the structure of E-language and its influence in linguistic theorizing
Svetlana T.davidova
August 2021

Modern linguistics defines language in terms of the dichotomy of competence and performance, or I-language and E-language. The linguistic output of the average normal adult speaker, i.e. E-language is usually envisioned as unsystematic, unruly mix of utterances of various types. The present article argues against this conventional understanding and shows that linguistic performance has internal structure composed of 3 subsystems in reflection of the types of social relations of the individual speaker reflected in one's linguistic behaviour. The social interactions of a normal adult human are of 3 major types : a. interactions at the professional level with colleagues and co-workers, b. interactions at the personal level with family members, friends, neighbours etc., c. occasional interactions with strangers, i.e. fellow humans. These 3 types of communicative engagements determine the internal structure of the linguistic output, or E-language, which is organized into 3 subsystems : a code-like subsystem, an inferential subsystem and a rudimentary subsystem. These exist and function in parallel in the human mind. From a usage-based perspective the language system is a reflection of the linguistic communication of the normal adult human. This suggests that an adequate description of the language system as a pre-requisite to the design of linguistic theories, must recognize and incorporate all three subsystems. Each of the three reveal different aspects of the bio-cognitive foundations of language in the human organism and attributes to a better understanding of the Language Faculty.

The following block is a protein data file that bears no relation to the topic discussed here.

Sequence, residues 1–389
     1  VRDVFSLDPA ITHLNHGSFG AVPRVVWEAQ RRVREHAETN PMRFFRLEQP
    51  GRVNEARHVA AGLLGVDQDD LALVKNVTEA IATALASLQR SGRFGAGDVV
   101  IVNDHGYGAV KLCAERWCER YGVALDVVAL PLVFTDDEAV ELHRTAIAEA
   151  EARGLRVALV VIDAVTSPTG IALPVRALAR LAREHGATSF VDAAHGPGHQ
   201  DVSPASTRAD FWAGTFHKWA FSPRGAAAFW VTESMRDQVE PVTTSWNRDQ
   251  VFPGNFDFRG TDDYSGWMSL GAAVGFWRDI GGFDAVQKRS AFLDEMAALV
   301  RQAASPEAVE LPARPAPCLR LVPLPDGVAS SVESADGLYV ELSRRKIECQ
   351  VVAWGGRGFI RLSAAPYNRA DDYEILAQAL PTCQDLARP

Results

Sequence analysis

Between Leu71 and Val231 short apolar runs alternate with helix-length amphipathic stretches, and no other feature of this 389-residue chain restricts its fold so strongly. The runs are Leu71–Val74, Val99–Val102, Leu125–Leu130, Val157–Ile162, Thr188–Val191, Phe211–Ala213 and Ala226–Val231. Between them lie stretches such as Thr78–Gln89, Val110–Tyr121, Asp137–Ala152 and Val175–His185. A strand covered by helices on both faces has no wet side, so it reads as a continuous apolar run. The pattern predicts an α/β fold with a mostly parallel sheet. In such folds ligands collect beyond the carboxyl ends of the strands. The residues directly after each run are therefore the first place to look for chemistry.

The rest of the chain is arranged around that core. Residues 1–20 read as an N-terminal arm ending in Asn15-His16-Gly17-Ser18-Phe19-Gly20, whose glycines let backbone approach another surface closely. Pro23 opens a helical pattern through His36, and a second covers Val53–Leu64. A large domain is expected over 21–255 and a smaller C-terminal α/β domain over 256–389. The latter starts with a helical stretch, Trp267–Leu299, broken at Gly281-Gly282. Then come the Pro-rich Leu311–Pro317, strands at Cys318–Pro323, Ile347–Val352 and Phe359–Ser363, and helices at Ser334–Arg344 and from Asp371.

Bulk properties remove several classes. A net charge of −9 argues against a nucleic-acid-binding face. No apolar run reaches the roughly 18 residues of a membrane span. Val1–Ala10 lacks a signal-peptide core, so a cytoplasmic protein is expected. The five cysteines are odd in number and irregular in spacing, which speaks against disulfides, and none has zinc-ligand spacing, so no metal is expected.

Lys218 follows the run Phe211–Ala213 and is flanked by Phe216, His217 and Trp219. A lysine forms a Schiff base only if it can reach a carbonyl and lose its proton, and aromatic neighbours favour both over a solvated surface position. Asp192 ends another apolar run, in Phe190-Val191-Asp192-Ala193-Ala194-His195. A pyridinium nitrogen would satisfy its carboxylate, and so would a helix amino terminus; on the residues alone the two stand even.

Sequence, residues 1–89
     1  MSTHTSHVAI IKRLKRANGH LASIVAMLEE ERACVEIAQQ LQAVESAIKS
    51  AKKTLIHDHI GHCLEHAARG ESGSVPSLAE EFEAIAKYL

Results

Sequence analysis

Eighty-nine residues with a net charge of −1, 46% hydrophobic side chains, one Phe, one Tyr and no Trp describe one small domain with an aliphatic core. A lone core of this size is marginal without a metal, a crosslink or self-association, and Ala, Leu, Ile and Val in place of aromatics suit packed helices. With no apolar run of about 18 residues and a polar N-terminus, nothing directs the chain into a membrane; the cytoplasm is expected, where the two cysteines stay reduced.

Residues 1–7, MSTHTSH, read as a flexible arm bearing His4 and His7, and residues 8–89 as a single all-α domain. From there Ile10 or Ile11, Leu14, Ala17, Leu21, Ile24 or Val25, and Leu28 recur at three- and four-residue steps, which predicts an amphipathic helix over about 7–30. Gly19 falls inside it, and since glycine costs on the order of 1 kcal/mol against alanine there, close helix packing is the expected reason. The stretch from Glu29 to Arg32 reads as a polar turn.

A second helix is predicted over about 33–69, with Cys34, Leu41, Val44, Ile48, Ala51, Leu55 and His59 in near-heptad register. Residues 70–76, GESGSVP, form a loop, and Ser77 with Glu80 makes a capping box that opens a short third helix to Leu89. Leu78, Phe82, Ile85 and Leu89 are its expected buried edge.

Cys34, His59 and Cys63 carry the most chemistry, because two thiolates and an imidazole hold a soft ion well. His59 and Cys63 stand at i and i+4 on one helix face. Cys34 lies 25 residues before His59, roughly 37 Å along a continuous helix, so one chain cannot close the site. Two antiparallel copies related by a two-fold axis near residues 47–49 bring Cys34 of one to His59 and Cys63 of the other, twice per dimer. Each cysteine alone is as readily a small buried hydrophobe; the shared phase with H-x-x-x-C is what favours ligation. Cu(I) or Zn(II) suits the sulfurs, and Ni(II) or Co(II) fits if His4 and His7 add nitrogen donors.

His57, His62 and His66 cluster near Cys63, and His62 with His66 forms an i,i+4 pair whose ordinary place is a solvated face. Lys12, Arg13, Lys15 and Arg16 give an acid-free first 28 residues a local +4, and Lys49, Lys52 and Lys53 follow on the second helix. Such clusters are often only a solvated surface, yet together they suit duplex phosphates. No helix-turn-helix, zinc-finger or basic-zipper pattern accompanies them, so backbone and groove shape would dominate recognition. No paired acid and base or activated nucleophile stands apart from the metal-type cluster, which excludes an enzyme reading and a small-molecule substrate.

Format: [ pdf ]
Reference: lingbuzz/006346
(please use that when you cite this article)
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keywords: competence, performance, i-language, e-language, language system, communication, linguistic theory, language faculty, semantics, syntax
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